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May 17, 2011 09:33 PM


Has anyone heard about a new place in the 90's called humus ashley or ashleys humus. i guess it's a pita place.Would like exact address or phone number

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  1. Hoomoos Asli? It's in Nolita. It is not kosher.

    Correction: Hoomoos Asli is indeed kosher.

    15 Replies
    1. re: DeisCane

      I believe the sign says "kosher" but I don't know anything else about the place.

      1. re: DeisCane

        I called them.
        They said they are kosher under the IKC, Rabbi Shwartz.
        They said that all of their meat is glatt Beit Yosef, but they are open on Shabbat without mashciagh temidi. Not sure how that works, but that is the info.

        1. re: Beaconstreet

          R' Schwarcz is well-known on these boards for being responsive to questions. You can find him here - YOu may not agree with his answers, but he seems to engage with people.

          1. re: Beaconstreet

            They are open with a heter mechira, In other words, on Shabbos (and a few hours before and after) the business belongs to a non-Jew, and all profits made on Shabbos belong to him. (To avoid the sort of detailed accounting that would be necessary to determine exactly how much of the business's profit was made on which day, a percentage is stipulated in the contract, and the sale price is determined on that basis.)

            Meat is sold without a mashgiach temidi, on the following basis. The owner is not present, and nobody present has an interest in the business's bottom line. Therefore if they run out of anything, the hourly-wage workers have no incentive to go out to the supermarket and buy, when they can simply tell customers they're out and make their lives easier. Therefore we don't need to worry about treife meat making its way into the shop. The incident at Chatzkel's place in Borough Park happened because the manager who sent a worker to buy hot dogs, and then neglected to check what he had bought, was the owner's brother-in-law and thus had an interest in not turning away customers. This leaves only the issue of basar shenit'alem min ha'ayin, and Rabbi Schwarcz relies on the Shach, who rules that there is no such prohibition.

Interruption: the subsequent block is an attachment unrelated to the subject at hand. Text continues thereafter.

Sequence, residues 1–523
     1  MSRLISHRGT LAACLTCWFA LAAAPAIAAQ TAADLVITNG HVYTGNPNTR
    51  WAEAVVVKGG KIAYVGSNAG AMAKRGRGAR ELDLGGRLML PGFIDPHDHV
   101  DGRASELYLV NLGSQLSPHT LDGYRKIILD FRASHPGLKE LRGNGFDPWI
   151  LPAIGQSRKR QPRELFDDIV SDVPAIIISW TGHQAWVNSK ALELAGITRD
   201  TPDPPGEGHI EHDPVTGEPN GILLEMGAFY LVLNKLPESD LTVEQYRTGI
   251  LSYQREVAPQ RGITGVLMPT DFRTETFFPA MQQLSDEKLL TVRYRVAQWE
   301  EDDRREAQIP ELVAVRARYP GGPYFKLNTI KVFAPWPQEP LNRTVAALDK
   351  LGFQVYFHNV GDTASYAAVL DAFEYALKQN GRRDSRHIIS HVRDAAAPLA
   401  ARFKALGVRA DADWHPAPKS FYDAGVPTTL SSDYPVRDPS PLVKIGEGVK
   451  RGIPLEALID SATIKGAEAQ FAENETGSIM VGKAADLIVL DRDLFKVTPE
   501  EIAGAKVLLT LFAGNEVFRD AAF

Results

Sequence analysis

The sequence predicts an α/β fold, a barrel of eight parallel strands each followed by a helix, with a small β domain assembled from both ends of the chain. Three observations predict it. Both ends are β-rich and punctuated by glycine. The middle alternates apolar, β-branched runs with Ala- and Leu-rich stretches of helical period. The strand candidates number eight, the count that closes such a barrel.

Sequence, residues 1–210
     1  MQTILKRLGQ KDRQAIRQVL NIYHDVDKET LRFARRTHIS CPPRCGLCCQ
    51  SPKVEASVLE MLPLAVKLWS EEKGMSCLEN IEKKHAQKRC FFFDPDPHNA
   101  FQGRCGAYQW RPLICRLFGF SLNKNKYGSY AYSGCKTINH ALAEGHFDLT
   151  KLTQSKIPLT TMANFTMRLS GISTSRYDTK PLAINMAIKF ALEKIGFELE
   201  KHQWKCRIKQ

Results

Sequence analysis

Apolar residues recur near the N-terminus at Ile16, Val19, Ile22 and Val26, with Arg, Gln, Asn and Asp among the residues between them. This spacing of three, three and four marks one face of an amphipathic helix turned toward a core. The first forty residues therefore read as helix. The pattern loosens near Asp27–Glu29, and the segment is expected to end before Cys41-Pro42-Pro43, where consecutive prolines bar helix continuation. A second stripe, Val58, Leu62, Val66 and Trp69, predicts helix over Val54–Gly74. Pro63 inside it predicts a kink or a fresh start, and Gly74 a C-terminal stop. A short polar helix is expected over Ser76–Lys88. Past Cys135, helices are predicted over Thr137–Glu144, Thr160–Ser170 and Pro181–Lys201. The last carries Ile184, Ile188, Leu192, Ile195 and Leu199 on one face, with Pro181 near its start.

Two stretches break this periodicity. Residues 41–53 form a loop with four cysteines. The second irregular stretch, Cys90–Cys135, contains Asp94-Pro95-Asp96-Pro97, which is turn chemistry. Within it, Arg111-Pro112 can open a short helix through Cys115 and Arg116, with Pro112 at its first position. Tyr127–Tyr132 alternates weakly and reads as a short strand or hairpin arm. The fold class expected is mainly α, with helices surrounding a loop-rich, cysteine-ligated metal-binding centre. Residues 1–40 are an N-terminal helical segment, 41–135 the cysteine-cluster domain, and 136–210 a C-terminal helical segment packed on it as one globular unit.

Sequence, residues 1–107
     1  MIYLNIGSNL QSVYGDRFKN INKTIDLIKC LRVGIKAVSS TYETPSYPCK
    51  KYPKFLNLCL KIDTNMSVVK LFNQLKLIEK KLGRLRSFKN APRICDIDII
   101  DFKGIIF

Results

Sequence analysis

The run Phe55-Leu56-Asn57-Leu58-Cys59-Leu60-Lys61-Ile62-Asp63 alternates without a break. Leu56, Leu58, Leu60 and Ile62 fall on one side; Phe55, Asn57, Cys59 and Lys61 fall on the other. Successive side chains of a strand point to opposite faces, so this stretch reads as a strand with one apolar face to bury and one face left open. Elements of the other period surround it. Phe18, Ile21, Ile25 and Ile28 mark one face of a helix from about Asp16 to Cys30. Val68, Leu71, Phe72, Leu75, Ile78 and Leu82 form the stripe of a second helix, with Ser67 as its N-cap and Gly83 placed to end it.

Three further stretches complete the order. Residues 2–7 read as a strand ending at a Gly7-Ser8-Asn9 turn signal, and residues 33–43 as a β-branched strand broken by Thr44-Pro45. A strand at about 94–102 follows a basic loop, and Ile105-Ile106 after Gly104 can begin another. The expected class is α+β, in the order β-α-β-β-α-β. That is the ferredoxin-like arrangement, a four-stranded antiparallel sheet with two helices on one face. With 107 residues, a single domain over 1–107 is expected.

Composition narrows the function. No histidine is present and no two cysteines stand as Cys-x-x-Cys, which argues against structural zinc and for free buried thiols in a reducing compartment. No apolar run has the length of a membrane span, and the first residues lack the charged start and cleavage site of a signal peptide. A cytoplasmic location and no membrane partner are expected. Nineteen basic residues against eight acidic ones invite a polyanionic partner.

Personally, I'm not so sure that one can rely on this. At the late lamented Madras Cafe (which was on 2nd Ave between 4th & 5th) I once ordered a coffee with soy milk (they made great filter coffee), and it was delayed so long I'd given up on it, when they finally served it with an apology, and an explanation that they'd run out of soy milk so they'd gone out and bought some. Now it may be that the owner made this decision, but I wouldn't bet on it; it seemed more like one of the workers decided to do it on his own, in order not to disappoint a customer. (They got a nice tip that time, and on my next few visits.) With soy milk, I reckoned there aren't many non-kosher brands on the market, so I had nothing to worry about; but this shows the existence of workers who give a damn, and that can be dangerous. When I put this to Rabbi Schwarcz he basically said that the workers at the places he certifies aren't that dedicated....

            1. re: zsero

              r u also talking about the same place in nolita? i thought they were in upper manhattan?

              1. re: SPARKYSMOM

                Hoomoos Asli is on Kenmare & Mulberry, in Nolita. I'm not aware of anywhere in the 90s with that name.

                1. re: zsero

                  I could have sworn there was feta on the menu at the nolita place.

                    1. re: DeisCane

                      That's 10 years old. I assume it wasn't kosher then.

                      1. re: zsero

                        Cool, I didn't even notice the date!

                2. re: zsero

                  Some places I've spoken to that are open on shabbat rely on nichnat v'yotzei, and ocassionally have the maschgiach pop in on shabbat. This may not be the situation with hoomoos asli, but just mentioning that it is another way one can rely on not having a mashgiach temidi.